A rotator cuff injury is a strain or tear in the group of tendons and muscles that hold your shoulder joint together and help move your shoulder.
A rotator cuff injury may result from:
The symptoms of a torn rotator cuff are:
Your healthcare provider will examine you and check your shoulder for pain, tenderness, and loss of motion as you move your arm in all directions. Your provider will ask if your shoulder pain began suddenly or gradually. You may have an X-ray to make sure there are not any fractures or bone spurs.
Based on these results, you may have other tests or procedures right away or later, such as:
A tendon in your shoulder can be inflamed, partially torn, or completely torn. What is done about it depends on how torn it is and how much it hurts.
If your tear is minor, it can be left to heal by itself if it does not interfere with your everyday activities. To treat this condition:
Full recovery depends on what is torn and how it is treated.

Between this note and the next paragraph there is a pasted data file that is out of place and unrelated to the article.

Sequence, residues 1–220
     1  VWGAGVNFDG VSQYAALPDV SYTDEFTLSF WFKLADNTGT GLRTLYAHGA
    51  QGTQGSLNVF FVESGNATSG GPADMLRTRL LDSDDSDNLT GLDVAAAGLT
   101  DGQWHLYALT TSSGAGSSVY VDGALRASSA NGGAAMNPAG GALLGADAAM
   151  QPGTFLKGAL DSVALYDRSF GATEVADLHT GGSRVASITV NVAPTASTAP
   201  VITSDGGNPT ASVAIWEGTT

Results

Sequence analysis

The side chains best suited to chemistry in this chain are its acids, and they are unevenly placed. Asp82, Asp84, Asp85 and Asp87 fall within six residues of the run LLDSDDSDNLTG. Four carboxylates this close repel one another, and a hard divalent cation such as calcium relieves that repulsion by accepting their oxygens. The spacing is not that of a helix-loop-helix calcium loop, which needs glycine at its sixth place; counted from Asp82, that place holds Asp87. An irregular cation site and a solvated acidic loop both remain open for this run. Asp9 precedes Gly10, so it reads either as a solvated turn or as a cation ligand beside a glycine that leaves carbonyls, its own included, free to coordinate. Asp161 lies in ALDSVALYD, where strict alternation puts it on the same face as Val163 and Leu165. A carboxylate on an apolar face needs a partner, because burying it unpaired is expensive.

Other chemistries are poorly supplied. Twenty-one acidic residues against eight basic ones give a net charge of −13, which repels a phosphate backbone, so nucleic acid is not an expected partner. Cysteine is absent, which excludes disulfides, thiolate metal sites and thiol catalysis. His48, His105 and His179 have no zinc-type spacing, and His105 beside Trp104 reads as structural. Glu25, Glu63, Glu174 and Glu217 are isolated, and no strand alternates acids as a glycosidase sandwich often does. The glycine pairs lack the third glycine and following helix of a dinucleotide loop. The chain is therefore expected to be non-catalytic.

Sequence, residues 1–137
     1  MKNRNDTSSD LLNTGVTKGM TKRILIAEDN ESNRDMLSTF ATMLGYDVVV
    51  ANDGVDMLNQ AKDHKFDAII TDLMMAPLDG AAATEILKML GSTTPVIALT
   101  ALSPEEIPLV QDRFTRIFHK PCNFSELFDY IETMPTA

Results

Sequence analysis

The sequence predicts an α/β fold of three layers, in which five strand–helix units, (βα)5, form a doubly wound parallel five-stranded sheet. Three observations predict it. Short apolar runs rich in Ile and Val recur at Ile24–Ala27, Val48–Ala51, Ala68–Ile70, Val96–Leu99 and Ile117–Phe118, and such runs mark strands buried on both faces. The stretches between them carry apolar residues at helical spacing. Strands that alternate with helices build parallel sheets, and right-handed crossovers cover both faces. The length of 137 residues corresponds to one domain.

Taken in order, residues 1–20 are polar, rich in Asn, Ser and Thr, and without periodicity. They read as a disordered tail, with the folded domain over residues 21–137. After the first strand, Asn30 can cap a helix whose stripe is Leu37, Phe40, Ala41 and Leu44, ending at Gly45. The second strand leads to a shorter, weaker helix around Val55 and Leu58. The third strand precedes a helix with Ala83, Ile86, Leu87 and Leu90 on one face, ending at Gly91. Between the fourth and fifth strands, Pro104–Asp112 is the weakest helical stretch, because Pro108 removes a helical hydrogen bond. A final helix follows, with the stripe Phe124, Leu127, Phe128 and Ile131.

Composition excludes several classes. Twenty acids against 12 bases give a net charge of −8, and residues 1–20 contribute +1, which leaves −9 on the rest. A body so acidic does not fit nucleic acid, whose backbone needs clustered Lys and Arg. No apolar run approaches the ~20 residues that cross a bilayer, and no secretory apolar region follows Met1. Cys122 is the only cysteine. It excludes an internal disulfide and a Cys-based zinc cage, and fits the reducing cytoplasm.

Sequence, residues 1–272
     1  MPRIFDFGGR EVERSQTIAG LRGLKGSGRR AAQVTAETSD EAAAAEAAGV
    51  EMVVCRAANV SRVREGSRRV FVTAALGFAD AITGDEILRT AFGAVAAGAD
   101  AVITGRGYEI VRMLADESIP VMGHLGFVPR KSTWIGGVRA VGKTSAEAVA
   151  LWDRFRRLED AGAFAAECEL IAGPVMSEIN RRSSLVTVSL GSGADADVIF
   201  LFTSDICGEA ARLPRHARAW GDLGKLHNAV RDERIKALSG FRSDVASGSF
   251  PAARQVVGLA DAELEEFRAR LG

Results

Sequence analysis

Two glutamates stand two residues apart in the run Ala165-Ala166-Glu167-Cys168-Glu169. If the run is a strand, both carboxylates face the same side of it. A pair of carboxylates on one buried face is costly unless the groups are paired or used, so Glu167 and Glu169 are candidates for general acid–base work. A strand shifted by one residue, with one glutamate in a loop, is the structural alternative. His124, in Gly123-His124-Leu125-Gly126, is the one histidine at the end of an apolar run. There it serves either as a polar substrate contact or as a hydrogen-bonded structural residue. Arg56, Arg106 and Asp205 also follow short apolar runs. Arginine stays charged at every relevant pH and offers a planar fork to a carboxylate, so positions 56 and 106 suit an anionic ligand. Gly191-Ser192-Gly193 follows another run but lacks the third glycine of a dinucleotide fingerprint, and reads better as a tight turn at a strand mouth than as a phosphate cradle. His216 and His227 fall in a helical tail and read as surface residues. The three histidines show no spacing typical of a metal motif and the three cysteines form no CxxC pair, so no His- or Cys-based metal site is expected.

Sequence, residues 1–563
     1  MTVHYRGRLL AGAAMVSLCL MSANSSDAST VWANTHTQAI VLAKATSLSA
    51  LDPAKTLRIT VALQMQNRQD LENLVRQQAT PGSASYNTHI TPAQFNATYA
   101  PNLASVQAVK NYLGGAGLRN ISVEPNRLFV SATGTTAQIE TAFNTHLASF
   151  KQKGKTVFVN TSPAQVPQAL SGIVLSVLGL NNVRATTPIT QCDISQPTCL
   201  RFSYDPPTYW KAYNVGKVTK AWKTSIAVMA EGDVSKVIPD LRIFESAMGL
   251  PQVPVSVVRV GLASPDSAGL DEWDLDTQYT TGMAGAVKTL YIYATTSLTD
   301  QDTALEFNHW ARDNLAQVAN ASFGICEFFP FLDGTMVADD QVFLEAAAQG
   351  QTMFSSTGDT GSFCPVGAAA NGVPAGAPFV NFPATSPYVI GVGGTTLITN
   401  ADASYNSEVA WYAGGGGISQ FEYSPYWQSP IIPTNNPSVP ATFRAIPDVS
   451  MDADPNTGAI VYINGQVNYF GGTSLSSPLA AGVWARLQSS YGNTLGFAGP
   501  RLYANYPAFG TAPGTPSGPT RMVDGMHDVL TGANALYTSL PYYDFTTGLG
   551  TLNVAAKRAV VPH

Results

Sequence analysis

Everyone recovers from an injury at a different rate. Return to your activities depends on how soon your shoulder recovers, not by how many days or weeks it has been since your injury has occurred. In general, the longer you have symptoms before you start treatment, the longer it will take to get better. The goal of rehabilitation is to return you to your normal activities as soon as is safely possible. If you return too soon you may worsen your injury.
You may safely return to your normal activities when:
The best way to prevent another injury is to strengthen your shoulder muscles and do shoulder exercises. Be careful when doing repetitive overhead activities.